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Research on food and agricultural systems needs to blood pressure medication drug test purchase 0.1mg clonidine otc become more multidisciplinary blood pressure 7744 buy clonidine 0.1 mg cheap, more participatory and more focused on interactions between different components of biodiversity for food and agriculture pulse pressure variation critical care purchase clonidine 0.1 mg free shipping. Cooperation across disciplines blood pressure normal range for adults order clonidine 0.1mg online, and greater involvement of producers and other stakeholders in research projects, can help to overcome these knowledge gaps. Improving the management of biodiversity for food and agriculture and enhancing its contributions to ecosystem services call for better multistakeholder, cross-sectoral and international cooperation. Frameworks for cooperation at national, regional and international levels in the management of genetic resources are relatively well developed in the individual sectors of food and agriculture. Cross-sectoral cooperation and multistakeholder collaborative activities specifically targeting associated biodiversity and wild foods are less widespread and need to be expanded and strengthened. Establishing effective policy and outreach measures will be needed to support the uptake of management practices that sustainably use biodiversity to promote food and livelihood security and resilience. Consideration also needs to be given to how the international community can more effectively promote synergies in the management of all components of biodiversity, across these sectors and others, in the interests of a more sustainable food and agriculture. In many parts of the world, biodiverse agricultural landscapes in which cultivated land is interspersed with uncultivated areas such as woodlands, pastures and wetlands have been, or are being, replaced by large areas of monoculture, farmed using large quantities of external inputs such as pesticides, mineral fertilizers and fossil fuels. Although high levels of crop and livestock production have been achieved, this has often come at the cost of major disruptions to the integrity of terrestrial and aquatic ecosystems, of declining opportunities for mutually beneficial interactions between sectors, and of the loss of components of biodiversity that provide services such as pollination, pest control and nutrient cycling. Changes in fishing activities by international fleets are exerting particular pressure in the waters of some developing countries, in part because of the use of "flags of convenience" (Ferrel, 2005; Miller and Sumaila, 2014). Over recent decades, growing global demand for fish has increasingly been met by aquaculture. Although fish farming offers opportunities to diversify production through polyculture or through integration with other production activities, it is also becoming increasingly intensified. Some systems use non-native species, which creates the risk of escapes that may harm local biodiversity (Lee and Gordon, 2006; McGinnity et al. Although rates of loss have decreased (and gone into moderate reverse in some regions), global forest area continues to decline, with the early part of this century seeing net losses in sub-Saharan Africa, Latin America and Southeast Asia (ibid. The main cause of deforestation in these regions is conversion to agriculture, with illegal logging, fires and fuelwood extraction also contributing (ibid. The food and agriculture sector is a major contributor to greenhouse-gas emissions. Loss of biodiversity in turn threatens the capacity of ecosystems used for food and agriculture to sequester carbon and reduces the options available for modifying production systems in the interests of climate change mitigation and adaptation (Chen et al. It identifies and assesses the contributions that biodiversity makes to the supply of ecosystem services relevant to food and agriculture, to the resilience of production systems, to efforts to intensify production sustainably, to the livelihoods of farmers, livestock keepers, fishers, fish farmers and forest dwellers, and to food security and nutrition. It documents what is known about the status and trends of these components of biodiversity, and identifies and assesses the impacts of major drivers of change affecting them. It also documents the state of adoption of management practices and strategies in food and agriculture that use biodiversity or contribute to its conservation, the state of programmes addressing the characterization and conservation of components of biodiversity relevant to food and agriculture, and the state of policy and institutional frameworks for the management of these resources. It identifies key gaps and needs in terms of knowledge, capacity and resources and pinpoints priority actions that can help to address them. Put simply, biodiversity is the variability that exists among living organisms (both within and between species) and the ecosystems of which they are part. It includes not only the domesticated crops and livestock raised by farmers and livestock keepers, the trees planted and harvested by forest dwellers and the aquatic species harvested or raised by fishers and aquaculture practitioners, but also the myriad other species of plants, animals and micro-organisms that underpin production, whether by creating and maintaining healthy soils, pollinating plants, purifying water, providing protection against extreme weather events, enabling ruminant animals to digest fibrous plant materials or delivering any of a range of other vital services. It also includes wild species (beyond the already-noted harvested aquatic species and forest trees) that are harvested for food and for other purposes. Finally, it includes micro-organisms used in food processing and in various agro-industrial processes. Crops and livestock and farmed or wild-harvested trees and aquatic species all clearly contribute directly to food security and livelihoods. In many cases, they also provide other services that support food and agricultural production. For example, a tree or a herbaceous crop plant may help to protect the soil against erosion or to create a favourable microclimate for other components of the production system, a farmed animal may remove weeds or provide manure to fertilize crops, or a filter-feeding mollusc raised in aquaculture may contribute to water purification. Many of the other species that live in and around production systems also make relatively direct and clearly identifiable contributions to food and agriculture, for example the role of bees in pollination or ladybird beetles in removing aphid pests from crop plants.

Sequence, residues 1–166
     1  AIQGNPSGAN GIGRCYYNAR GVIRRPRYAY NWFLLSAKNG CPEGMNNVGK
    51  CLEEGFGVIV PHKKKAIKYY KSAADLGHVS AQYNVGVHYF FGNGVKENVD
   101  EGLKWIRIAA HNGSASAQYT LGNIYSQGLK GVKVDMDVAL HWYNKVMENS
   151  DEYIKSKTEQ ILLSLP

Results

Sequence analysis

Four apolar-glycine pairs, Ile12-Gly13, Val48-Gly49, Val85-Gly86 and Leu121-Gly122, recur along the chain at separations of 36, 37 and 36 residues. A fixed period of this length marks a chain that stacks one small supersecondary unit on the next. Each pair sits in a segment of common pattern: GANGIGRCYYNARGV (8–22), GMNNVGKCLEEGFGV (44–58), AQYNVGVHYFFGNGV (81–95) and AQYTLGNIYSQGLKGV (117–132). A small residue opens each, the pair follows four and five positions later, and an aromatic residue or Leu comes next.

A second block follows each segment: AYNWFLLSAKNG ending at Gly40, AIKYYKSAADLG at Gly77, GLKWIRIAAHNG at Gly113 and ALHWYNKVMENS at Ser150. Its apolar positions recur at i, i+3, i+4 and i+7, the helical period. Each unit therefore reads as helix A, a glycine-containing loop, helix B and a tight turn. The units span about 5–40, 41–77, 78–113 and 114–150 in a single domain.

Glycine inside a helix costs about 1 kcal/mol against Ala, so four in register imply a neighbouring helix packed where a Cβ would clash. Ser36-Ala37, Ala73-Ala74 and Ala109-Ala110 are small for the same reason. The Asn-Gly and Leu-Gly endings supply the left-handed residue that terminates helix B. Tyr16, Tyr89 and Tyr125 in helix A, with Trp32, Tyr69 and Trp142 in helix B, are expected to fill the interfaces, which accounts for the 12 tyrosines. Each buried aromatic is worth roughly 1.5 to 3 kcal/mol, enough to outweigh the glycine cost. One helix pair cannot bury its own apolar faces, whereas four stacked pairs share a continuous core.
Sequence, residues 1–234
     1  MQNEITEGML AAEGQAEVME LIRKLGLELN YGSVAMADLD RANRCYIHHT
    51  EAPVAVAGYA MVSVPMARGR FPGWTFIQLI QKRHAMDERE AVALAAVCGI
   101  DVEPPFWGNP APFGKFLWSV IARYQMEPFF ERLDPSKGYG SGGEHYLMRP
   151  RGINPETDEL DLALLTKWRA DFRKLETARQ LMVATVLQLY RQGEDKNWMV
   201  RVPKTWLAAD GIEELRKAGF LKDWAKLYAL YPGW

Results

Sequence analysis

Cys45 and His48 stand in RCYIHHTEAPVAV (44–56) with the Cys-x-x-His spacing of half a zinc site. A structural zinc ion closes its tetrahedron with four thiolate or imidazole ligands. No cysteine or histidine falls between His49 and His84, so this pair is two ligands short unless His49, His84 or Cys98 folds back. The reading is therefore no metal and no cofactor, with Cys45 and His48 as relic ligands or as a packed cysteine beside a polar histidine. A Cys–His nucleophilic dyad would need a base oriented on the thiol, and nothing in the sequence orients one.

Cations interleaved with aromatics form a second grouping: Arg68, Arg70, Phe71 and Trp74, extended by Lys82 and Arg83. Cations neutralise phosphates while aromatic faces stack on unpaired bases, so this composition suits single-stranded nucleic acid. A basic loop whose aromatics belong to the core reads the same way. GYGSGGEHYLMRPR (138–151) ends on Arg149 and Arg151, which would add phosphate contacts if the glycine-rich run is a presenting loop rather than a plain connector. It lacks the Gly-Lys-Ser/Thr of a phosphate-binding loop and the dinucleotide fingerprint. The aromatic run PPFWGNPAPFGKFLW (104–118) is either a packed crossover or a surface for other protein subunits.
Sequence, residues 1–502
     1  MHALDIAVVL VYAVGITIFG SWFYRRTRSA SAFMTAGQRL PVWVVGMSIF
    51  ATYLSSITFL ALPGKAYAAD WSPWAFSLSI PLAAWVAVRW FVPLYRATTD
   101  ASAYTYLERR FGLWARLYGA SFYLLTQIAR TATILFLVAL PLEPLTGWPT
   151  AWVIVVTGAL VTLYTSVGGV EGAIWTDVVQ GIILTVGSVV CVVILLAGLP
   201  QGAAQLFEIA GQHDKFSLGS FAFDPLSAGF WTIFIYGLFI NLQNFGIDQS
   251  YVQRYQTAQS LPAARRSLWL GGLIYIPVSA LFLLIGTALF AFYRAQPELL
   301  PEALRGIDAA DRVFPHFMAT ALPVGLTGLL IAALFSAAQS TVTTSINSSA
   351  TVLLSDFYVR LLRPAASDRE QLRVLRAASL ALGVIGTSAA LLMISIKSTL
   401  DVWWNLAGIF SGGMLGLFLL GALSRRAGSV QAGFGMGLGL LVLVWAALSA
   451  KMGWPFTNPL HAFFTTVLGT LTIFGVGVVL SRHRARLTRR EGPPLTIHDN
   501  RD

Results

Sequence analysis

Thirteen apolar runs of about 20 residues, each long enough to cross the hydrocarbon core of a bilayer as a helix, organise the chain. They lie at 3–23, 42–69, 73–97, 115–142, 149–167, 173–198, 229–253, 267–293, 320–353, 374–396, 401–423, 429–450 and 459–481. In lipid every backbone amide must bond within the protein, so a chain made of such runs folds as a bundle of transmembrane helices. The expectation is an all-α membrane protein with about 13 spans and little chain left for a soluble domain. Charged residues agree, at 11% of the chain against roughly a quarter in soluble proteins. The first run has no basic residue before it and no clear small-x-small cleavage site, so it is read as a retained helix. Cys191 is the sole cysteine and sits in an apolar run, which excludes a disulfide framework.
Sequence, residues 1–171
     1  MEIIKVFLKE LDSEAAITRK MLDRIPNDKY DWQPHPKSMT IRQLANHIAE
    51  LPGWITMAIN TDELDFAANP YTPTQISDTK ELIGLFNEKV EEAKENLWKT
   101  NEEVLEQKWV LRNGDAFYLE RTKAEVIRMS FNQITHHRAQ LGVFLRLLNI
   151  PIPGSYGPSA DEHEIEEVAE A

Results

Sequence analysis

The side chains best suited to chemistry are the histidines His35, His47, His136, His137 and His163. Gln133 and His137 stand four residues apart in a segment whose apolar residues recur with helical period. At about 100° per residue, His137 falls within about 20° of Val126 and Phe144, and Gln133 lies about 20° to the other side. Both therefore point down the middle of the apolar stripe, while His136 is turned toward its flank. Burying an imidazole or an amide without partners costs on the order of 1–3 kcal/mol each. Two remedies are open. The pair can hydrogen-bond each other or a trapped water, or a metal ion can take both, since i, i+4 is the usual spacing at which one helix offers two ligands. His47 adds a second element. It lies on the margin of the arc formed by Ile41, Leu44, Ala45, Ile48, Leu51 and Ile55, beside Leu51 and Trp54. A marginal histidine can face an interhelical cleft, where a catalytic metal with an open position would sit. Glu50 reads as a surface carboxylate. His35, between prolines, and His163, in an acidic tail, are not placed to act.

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Not coincidentally arteria poplitea discount clonidine 0.1 mg overnight delivery, the new ruler preferred the Latin of the Frankish priests to blood pressure chart bpm generic 0.1mg clonidine with mastercard the Slavonic liturgy and did nothing to arteria hepatica propria clonidine 0.1 mg with mastercard prevent papal legates from expelling the Moravian disciples of Saint Methodius hypertension with stage v renal disease purchase 0.1 mg clonidine with amex, who came under the jurisdiction of the patriarch of Constantinople. Under Svatopulk (870­894), Great Moravia encompassed parts of eastern Germany with its large Slav population-in Cottbus in Brandenburg many still speak the Slavic Sorb language-and Slav western Poland, as well as Bohemia, Moravia, and Slovakia, all lands where the impressive and melodious Slavonic liturgy of the Orthodox Church would have naturally prevailed, unless forcibly excluded, as it was. The popes of the time, and especially Formosus (891­896), were exceptionally experienced in waging ecclesiastical war against the patriarchate of Constantinople. Their ruthless energy often overcame their enormous handicap: their lack of a protective emperor of their own. It was a persistent disparity that added an element of bitter resentment to the competition between the churchmen of Rome and Constantinople, at a time when there was as yet no doctrinal difference to justify all the animosity. Pope Formosus had himself served as legate to Boris I, or Bogoris ruler of Bulgaria (852­889), who in 867 petitioned Pope Nicholas to appoint Formosus archbishop of Bulgaria, a very deliberate attempt to transfer the emerging Bulgarian Church from the jurisdiction of the patriarch to that of the pope. Four years earlier in 863, Boris had become the first Bulghar ruler to convert to Christianity. Just as Ratislav had wanted his Christianity to come from safely distant Constantinople instead of the excessively powerful Francia of Louis the German right at his borders, so Boris had invited that same Louis to send him missionaries to effect his conversion, instead of inviting clergymen from nearby but overbearing Constantinople. The Geography of Power 167 Both Ratislav and Boris were trying to avoid adding religious subordination to their strategic inferiority. Yet he was undoubtedly committed to Christianity: when Bulghars still attached to the old religion revolted against the new faith in 865, Boris responded with mass violence, executing fifty-two tribal chiefs (boyars) together with their families. Again, having abdicated in 889 to retire to a monastery as a monk- surely a proof of his religious sincerity-in 893 Boris came out of his cell to rally an army to depose and blind his own son, Vladimir, and give the throne to his third son, Symeon I; according to the almost contemporary chronicle of the admittedly distant Regino of Prum, Boris overthrew and mutilated Vladimir because he had wanted to restore the old religion. It would be Symeon who reconciled religion with independence by gaining Byzantine recognition for the autocephaly of the Bulgarian church, whose patriarch he could appoint, just as the Byzantine emperor appointed the patriarch of Constantinople. In the Book of Ceremonies, India is provided for: To the hyperechon kyrios [most senior lord] of India. With their common enemy between them, the Byzantines and the Guptas could have concerted their military operations advantageously. The mountains of the Hindu Kush, the convergence of the westernmost Pamirs and Himalayas, were an impossible obstacle to overland journeys to India by way of Central Asia, but ships habitually sailed from Byzantine Egypt to Indian ports, which meant incidentally that much was known about the country. As compared to the three-year journey of Zemarchos to the Tьrk qagan in the Altai mountains and back, the passages of envoys to and from India by sea would have been less perilous, more comfortable, and altogether faster. Given the geographic barriers, there was no possibility of combining forces for unified action-even with transformed logistics, during the Second World War Germany and Japan could deploy no greater joint forces than the brief encounters of their submarines at Penang, Malaya. Coordinated offensives would have been possible, but there is no sign of any such initiative. By the time the Book of Ceremonies was redacted, the nearest thing to a "senior lord of India" was the ruler of the Chavda dynasty centered in Gujrat, the last of whom, Samantsinh Chavda, was overthrown in 942 by his adopted son Mulraj, founder of the eponymous dynasty. Of China the Byzantines knew a little from the Turkic powers in between under the name Taugast (= Turkic Tabghach) for the China of the Wei dynasty. But mostly China was known as the original source of silk-indispensable for the vestments of court officials and high prelates. Silk was also of strategic importance, because of the frequent fights over the control of the way stations of the silk route across Central Asia. We have seen how the Sogdians of the silk-road cities on either side of Samarkand had adapted to the arrival of the Tьrk qaganate by mediating its alliance with Byzantium. Until the time of Justinian, moreover, the Byzantines were forced to import their silk by way of the Sasanian Persian empire, increasing its gold revenues. Prokopios of Caesarea relates the marginally credible tale of how "certain monks, coming from India" appeared before emperor Justinian (527­565), explained that silk was made in Serinda, north of India, by worms (moths, actually) fed on mulberry leaves, and offered to smuggle in their eggs-their motive being to deny the Sasanians the rich profits of the silk trade. That could not interest the Byzantines; their apparent proclivity for pointless formalities was usually rather purposeful. Another communication also had no strategic content, but interests for its own sake: in 1372 the first Ming emperor, Hongwu, sent an announcement of his accession to the emperor of Byzantium. But when the nation began to arouse itself, We, as a simple peasant of Huai-yu, conceived the patriotic idea to save the people. We have [now] established peace in the Empire, and restored the old boundaries of [China]. Although We are not equal in wisdom to our ancient rulers whose virtue was recognized all over the universe, We cannot but let the world know Our intention to maintain peace within the four seas. W chapter 8 Bulghars and Bulgarians Byzantine dealings with the Caucasian states were certainly complicated but entailed no existential threat to the empire.